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Federal Court Hears US Airways Pilot Seniority Case

PHOENIX -- ( TheStreet) -- A federal court hearing Tuesday afternoon in Phoenix will mark the latest round in the long unresolved battle over pilot seniority at US Airways (LCC).

At 4 p.m. EDT, Judge Roslyn O. Silver will hear oral arguments in the case, which involves a 2010 filing by US Airways asking for a ruling on whether it must accept arbitrator George Nicolau's controversial 2007 seniority ruling or whether it can negotiate with its pilots union over a contract that doesn't include the ruling.

US Airways merged with America West in 2005. The merger has been generally successful, but for many the divisive split between the two pilot groups, who still work under separate contracts, has tarnished perceptions of whether the two carriers were effectively combined.

In a 2010 letter to pilots, US Airways Executive Vice President Steve Johnson laid out the airline's rationale, writing for filing the case, saying it "requests that the court clarify the company's legal rights and obligations with respect to the seniority dispute and new single contract."

The key questions, Johnson wrote, are: "Must the company insist the Nicolau award be included in the new single agreement? May the company enter into a single agreement that does not include the Nic? If the company enters into a legal agreement that does not include the Nic, would it have legal liability to the west pilots?"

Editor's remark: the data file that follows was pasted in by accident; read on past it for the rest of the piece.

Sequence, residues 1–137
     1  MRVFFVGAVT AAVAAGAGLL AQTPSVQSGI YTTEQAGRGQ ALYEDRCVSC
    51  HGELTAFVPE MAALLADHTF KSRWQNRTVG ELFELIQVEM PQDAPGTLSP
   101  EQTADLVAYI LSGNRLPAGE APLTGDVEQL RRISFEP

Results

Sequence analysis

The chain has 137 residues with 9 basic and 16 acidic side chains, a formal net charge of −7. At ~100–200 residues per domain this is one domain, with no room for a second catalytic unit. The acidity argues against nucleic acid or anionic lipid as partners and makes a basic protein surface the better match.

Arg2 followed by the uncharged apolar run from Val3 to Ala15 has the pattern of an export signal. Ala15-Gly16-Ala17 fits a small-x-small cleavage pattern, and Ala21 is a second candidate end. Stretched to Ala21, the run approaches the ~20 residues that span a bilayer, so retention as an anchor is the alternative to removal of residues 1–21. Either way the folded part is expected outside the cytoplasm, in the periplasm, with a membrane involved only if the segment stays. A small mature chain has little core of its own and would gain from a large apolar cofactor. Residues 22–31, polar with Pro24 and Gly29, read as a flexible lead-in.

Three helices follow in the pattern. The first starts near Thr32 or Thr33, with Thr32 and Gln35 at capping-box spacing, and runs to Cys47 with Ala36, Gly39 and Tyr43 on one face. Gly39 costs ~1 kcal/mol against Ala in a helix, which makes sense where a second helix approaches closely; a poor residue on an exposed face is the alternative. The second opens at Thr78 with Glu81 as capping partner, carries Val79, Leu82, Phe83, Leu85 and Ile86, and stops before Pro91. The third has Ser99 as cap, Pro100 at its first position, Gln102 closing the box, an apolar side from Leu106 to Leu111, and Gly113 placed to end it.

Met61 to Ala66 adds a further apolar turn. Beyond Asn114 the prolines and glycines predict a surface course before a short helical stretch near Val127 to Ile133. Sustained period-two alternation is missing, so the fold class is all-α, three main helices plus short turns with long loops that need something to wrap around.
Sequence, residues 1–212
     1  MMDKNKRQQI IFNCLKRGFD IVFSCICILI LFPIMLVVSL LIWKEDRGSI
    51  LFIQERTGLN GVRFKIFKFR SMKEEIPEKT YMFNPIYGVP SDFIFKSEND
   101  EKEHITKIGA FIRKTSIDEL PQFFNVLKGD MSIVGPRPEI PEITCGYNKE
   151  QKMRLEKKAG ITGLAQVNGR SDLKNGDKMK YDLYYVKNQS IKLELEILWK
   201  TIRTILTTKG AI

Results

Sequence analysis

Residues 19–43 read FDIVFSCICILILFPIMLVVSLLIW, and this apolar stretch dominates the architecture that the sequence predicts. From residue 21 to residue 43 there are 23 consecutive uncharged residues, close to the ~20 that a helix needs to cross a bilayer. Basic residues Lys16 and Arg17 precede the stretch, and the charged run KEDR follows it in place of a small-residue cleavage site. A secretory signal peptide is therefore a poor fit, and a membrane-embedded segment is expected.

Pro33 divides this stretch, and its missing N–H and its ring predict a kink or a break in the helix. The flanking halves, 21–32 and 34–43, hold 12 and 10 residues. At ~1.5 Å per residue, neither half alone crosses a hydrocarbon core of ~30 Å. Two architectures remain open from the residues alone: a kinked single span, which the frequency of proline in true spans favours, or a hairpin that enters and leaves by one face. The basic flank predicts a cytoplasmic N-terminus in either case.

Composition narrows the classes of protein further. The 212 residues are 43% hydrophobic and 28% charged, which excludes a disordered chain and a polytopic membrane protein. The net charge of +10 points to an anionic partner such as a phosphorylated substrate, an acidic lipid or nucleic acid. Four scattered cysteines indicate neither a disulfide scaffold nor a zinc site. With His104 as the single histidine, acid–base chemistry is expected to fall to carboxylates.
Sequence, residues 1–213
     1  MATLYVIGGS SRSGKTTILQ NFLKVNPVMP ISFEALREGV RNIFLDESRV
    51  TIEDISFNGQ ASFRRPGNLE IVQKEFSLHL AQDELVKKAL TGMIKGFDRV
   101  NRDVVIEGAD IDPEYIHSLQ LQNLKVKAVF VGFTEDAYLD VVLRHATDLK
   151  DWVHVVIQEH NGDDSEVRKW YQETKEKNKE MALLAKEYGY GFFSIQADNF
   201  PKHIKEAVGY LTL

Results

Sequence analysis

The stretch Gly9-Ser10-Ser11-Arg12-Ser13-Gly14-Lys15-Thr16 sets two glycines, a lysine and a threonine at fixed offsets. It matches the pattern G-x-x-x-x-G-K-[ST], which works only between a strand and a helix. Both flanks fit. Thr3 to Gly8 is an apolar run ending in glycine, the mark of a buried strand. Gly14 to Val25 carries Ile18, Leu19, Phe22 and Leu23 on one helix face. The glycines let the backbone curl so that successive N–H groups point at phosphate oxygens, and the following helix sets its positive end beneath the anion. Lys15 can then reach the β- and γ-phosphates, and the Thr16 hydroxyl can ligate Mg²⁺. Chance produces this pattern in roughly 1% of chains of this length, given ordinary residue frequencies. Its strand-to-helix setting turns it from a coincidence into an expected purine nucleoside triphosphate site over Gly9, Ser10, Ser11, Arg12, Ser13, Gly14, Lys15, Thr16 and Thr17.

The Nicolau ruling led pilots from the former US Airways, known as "the east," to leave the Air Line Pilots Association after 57 years and create a new union, the U.S. Airline Pilots Association.

The ruling's most controversial component placed a 56-year-old pilot with 17 years at US Airways, who was never laid off, behind a 35-year-old America West pilot with a few months on the job. In hundreds of similar cases, east pilots with 15 or more years at the carrier went behind west pilots with just a few years.

In 2009, another U.S. District Court judge in Phoenix ruled that the ruling must be part of the contract. Then, in 2010, a U.S. Appeals court in San Francisco ruled that the case cannot be considered until a contract agreement has been reached. It ordered the Phoenix court to dismiss. Then US Airways filed its case.

Mark Burman, a spokesman for Leonidas, an association of west pilots, said Monday: "We believe that Judge Silver will step up and say that the company is obligated to honor the Nicolau list going forward." Burman said he doubts the court would have agreed to hear the case again if it were not going to make a decision.

In discussions between the Allied Pilots Association and USAPA over a potential merger with American Airlines (AAMRQ.PK), the premise has been that the seniority issue would be again referred to arbitration under the McCaskill-Bond act, which did not exist at the time of the US Airways/America West merger.

Burman said another round of arbitration, which would ignore existing arbitration, is not acceptable.

"Too many pieces of the puzzle support the case that binding arbitration is binding," he said. "Once there is a merger, there won't be any more USAPA." American pilots would have little interest in supporting the contention that binding arbitration is not binding, he noted.

US Airways spokeswoman Michelle Mohr said Monday: "US Airways has only one interest in the case: Ensuring that the court provide us with the guidance we need to negotiate a collective bargaining agreement with our pilots' union that is consistent with our legal obligations." USAPA spokesman James Ray said he would delay commenting until after the case is heard.

-- Written by Ted Reed in Charlotte, N.C.

>To contact the writer of this article, click here: Ted Reed

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